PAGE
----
For Foodies: Friday’s Flavors ~ Mediterranean Langoustine Seafood Pasta

Hey, Foodies! Happy Friday!

m11By now you probably know that I could live on Mexican food. Or Italian. Or cheese. But my absolute favorite meal is seafood pasta.

Lobster, shrimp, scallops, clams – I don’t discriminate. Likewise, bring me your cream sauces and your scampis, your carbonaras and your marinaras, your wine sauces and your pestos, because I’ll eat them all. Happily.

But as much as I love a gooey, cheesy, thick alfredo, sometimes you want something lighter (and healthier). When that happens, this Mediterranean style pasta recipe goes well with most seafood and is a tasty, easy option.

Ingredients:

8 oz langoustines (or shrimp, scallops, etc.)

1 large shallot, chopped

4 cloves garlic, pressed

sundried tomatoes

Kalamata olives

capers

fresh basil

2 handfuls fresh spinach

pine nuts (optional)

1 tablespoon butter

1/4 olive oil

1/4 cup dry white wine (pinot grigio)

salt and pepper or Nature’s Seasoning to taste

Parmesan cheese (optional)

cooked pasta of choice

Makes 2 servings

Preparation:

m2mI’ve only ever seen precooked langoustine, so if that’s what you’re using, defrost, rinse, and wring dry to remove excess moisture. Set aside.

Chop the shallot, sundried tomatoes, olives IMG_202007201_174338and basil, peel garlic, and gather the rest of your ingredients.

m3While your pasta is cooking, add 1/4 cup olive oil and 1 tablespoon butter to a large sauté pan on medium high heat. When butter is melted, add shallots, cooking until translucent, then add garlic. Stir, add spinach, then stir again. When spinach is wilted, add sundried tomatoes, olives, capers, pine nuts, and 1/4 cup white wine. Mix and season, allowing to reduce slightly while m4m5straining your cooked pasta.

Add langoustines to pan and stir, allowing to cook until just heated. (If you’re using a different type of seafood, add earlier and adjust cooking time accordingly.) Add pasta, mix, top with fresh basil (and maybe a little freshly grated parmesan cheese) and serve.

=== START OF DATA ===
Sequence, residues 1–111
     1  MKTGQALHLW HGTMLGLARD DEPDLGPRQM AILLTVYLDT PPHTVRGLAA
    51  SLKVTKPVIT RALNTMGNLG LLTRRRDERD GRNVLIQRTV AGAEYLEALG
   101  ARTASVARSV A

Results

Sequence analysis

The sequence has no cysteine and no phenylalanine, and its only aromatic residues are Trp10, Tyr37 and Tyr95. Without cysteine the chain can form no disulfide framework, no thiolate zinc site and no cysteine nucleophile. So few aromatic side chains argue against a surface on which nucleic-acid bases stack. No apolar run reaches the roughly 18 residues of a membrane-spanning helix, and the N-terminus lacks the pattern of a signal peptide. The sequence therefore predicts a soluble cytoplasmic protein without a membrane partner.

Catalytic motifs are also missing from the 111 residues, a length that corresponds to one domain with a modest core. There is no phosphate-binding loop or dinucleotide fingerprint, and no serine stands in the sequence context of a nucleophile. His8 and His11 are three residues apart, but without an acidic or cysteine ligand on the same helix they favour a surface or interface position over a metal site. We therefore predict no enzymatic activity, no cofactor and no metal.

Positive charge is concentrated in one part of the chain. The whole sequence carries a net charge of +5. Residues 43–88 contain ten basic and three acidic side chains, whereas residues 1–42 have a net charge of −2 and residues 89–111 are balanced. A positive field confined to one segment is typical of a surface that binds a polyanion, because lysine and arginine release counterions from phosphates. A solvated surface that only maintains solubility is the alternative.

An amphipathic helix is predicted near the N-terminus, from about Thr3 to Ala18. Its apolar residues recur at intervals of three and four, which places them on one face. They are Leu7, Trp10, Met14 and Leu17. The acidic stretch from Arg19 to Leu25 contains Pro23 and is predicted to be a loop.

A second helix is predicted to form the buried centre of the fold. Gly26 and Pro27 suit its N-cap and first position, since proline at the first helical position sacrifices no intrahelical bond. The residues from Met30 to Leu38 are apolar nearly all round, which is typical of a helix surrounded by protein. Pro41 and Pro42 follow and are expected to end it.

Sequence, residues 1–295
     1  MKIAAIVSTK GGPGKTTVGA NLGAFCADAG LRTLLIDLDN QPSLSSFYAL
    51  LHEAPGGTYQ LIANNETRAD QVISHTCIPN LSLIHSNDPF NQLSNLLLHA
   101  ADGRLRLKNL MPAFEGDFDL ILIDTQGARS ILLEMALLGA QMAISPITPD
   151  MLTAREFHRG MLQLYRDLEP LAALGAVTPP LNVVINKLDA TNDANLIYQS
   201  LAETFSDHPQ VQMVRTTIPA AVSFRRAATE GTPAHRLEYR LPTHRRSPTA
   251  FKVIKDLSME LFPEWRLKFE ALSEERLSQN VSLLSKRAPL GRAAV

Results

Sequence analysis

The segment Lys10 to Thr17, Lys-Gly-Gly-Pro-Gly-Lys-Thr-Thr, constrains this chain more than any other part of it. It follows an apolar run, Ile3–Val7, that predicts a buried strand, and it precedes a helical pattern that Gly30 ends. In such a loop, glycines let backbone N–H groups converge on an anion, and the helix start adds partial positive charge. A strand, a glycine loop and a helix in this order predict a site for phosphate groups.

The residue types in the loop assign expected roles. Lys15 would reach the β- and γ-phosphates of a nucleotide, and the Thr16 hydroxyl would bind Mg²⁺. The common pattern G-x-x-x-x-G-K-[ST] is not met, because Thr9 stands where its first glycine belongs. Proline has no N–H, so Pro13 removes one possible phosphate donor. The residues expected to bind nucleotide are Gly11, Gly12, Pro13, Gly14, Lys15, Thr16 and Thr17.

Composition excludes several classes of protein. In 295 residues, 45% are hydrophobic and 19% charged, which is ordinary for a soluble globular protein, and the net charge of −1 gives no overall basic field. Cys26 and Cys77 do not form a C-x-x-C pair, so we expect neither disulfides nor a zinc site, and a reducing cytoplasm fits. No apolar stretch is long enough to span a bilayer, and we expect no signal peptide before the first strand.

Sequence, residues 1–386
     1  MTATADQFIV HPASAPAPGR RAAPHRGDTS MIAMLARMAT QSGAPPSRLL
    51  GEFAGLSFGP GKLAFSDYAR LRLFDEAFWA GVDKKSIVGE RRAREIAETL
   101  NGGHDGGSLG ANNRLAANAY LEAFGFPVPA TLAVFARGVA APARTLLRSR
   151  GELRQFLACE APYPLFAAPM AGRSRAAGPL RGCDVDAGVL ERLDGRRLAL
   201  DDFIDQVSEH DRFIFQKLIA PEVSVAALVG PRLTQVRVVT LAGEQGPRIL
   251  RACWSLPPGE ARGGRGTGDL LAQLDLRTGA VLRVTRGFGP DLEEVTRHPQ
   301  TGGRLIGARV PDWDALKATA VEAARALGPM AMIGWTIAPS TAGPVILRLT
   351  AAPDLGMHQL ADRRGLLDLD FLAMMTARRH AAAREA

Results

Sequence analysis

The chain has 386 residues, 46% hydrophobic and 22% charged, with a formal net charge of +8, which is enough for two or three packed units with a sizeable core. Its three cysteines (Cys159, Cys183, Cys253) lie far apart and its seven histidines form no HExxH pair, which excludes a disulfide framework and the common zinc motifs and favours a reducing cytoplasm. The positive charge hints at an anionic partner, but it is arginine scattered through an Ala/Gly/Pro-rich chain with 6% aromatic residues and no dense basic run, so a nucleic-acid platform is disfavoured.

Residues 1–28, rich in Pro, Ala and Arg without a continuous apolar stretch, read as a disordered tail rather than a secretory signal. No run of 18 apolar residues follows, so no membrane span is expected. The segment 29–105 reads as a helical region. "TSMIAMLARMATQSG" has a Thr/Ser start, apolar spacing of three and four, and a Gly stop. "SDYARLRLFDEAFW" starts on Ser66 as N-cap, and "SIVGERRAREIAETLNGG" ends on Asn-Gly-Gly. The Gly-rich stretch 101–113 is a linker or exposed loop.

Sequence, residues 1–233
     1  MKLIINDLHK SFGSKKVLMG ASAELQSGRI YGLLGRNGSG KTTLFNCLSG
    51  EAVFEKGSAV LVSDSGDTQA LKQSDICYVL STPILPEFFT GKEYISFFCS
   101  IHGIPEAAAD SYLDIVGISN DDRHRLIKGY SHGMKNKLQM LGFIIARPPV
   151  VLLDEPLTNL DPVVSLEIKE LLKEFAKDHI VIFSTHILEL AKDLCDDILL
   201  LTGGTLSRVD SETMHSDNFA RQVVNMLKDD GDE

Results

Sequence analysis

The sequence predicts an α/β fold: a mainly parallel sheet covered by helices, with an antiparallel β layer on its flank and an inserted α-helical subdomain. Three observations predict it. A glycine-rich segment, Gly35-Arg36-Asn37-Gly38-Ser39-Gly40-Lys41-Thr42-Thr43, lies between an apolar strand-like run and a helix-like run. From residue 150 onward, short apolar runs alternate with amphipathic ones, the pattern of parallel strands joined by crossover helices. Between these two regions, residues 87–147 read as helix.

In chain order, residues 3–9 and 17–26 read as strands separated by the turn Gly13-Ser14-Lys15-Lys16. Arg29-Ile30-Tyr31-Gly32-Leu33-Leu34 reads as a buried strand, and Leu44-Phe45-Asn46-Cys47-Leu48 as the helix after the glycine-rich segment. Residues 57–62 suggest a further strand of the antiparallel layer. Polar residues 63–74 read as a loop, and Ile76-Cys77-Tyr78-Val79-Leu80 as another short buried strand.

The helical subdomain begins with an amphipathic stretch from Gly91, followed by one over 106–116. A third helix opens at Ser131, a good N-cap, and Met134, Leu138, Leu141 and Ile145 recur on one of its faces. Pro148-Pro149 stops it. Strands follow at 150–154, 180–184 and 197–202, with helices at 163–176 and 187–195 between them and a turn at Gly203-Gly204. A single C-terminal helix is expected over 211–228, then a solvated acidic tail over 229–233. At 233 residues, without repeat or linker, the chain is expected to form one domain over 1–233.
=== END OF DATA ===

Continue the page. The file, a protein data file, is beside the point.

m7 m8 m10

If you make it, I’d love to know how you liked it!

For more recipes, check the archives or come back next Friday!

For Foodies: Friday’s Flavors ~ Easy Clam Pasta

Hey, Foodies! Happy Friday!

c5Now, I’ve got to be honest about this – if you had told me even a year ago that I’d not only be eating a recipe made with canned clams, but loving it, I wouldn’t have believed you. It’s not something we had in the house when I was growing up.

But . . . life happens.

I have low B12, and was taking weekly injections to help, but I started getting the worst muscle spasms. Turns out that synthesized B12 is made with my arch nemesis (and food sensitivity) yeast. So, I had to find ways to incorporate large amounts of B12 into my diet, and guess what has a ton of B12? Clams!

Even if you don’t have low B12, it’s not one of those vitamins where excess builds up in your system causing adverse effects, and it’s great for your energy levels and metabolism, so there’s no reason not to pack your diet full of B12.

Ingredients:

1 can of clams

1 large shallot

6 large garlic cloves

2 tablespoons butter

1/4 cup olives oil

nature’s seasoning or salt and pepper

pasta of choice

optional: shaker or fresh grated parmesan cheese

Preparation:

cc1Chop shallot and garlic. (I save all my largest garlic cloves for this recipe.) Add olive oil and butter to a large frying pan, melt butter over medium high heat, then add shallots and garlic. Sauté until shallots are translucent.

Add drained clams, cooking until heated. Season to taste. Add pasta and mix. And that’s it. It really is so simple and even c2c3better, it tastes really good. This is one of the few recipes where I prefer shaker parmesan to fresh, but a bit of cheese really brings out the flavor of this dish!

If you try it, please let me know if you like it!

c4

For Foodies: Friday’s Flavor ~ Cornbread Crab Cakes (Yeast Free)

Hey, Foodies! Happy Friday!

cc6I LOVE crab cakes, but they’re one of those things that are hit or miss. Either they’re great, or not so much, and with the price of crab, no one wants to risk making a recipe that could turn out on the not so much end of the spectrum. But this recipe is seriously good, so do it – take the risk! You won’t regret it!

Now first, I can’t take full credit for this recipe. I had just bought a container of lump crab meat (and FYI, the most important thing is a quality crab meat) and I had cornbread on hand (because I can eat it since it doesn’t have yeast, but I’m not a huge fan of it. Once I kill my initial bread craving with it, I don’t want anymore) so I Googled cornbread crab cakes to see if it was a thing.